This week’s chat was hosted by Hazel Ferguson, co-founder of #ECRchat. Hazel is a postdoc researching the cultural politics of alternative food systems in the Northern Rivers of NSW, Australia. She tweets here.
Unsurprisingly, the topic of academics using social media has been around as a possible live chat topic since #ECRChat started. As a group of Twitter users, we have naturally been interested in reflecting on our practices in more depth. Although I kept the questions quite general, this chat was a great first opportunity to reflect on some of the key themes that are emerging for early career academics using social media.
The experience of being involved with #ECRchat (along with other academic Twitter chats such as #PhDchat and #acwri) has already suggested that maintaining an active social media profile gives academics access to a degree of influence, as well as a sense of connection with professional networks beyond those they would typically have access to.
It seems that a growing awareness of the potential of social media use is hitting academia, with a growing number of blogs, presentations and published articles reflecting on the trend. Ernesto Priego has blogged about The power of we, not me, Amber Regisa has published about Early Career Victorianists and Social Media: Impact, Audience and Online Identities, and Regan Forrest has presented her personal reflections about Social Media as a Research and Collaboration Tool. These are just a small (excellent!) sample of the work being done in this space.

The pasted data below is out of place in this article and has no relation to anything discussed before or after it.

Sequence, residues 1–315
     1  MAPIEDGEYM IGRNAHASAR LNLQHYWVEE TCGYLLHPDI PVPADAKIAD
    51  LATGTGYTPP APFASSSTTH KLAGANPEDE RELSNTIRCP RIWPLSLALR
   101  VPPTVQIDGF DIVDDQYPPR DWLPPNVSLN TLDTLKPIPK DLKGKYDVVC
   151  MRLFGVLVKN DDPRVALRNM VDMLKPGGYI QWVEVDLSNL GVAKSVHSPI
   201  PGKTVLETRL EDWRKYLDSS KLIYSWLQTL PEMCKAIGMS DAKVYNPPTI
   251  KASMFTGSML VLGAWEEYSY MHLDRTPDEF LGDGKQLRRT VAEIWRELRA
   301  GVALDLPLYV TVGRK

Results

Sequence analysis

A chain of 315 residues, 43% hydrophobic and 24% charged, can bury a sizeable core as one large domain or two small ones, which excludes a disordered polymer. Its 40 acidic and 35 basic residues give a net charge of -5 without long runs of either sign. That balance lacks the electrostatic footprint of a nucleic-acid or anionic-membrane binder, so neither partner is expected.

At the same time, it is clear that social media use poses questions about its limitations and possible risks to many of us. Many of our colleagues are not using social media, so our responsibilities to our institutions (and theirs to us) often remain unclear. As well, controversies ranging from a university employee being outed for trolling at Australia’s Monash University, to twitter discussions about the ethics of tweeting conference presentations give rise to concerns about sharing too much, saying the wrong thing, or being misinterpreted.
This week’s chat was a great chance to explore some of these issues as a group. Within the tiny corner of the internet that is #ECRchat, it is clear that Twitter provides great opportunities for networking, information sharing, feedback and promoting research.
You can catch up on the chat via this Storify.
You can download the entire chat log #ECRchat_tweets_2012_10_11 [.pdf].
There are many more social media issues remaining that could be picked up in future discussions, and I look forward to our next chat on the 25th of October.
#ECRchat will be back at the same time on October 25. UK chat time 11:00-12:00 (BST), Europe chat time 12:00-13:00 (CEST), Australia chat time 21:00-22:00 (EDST)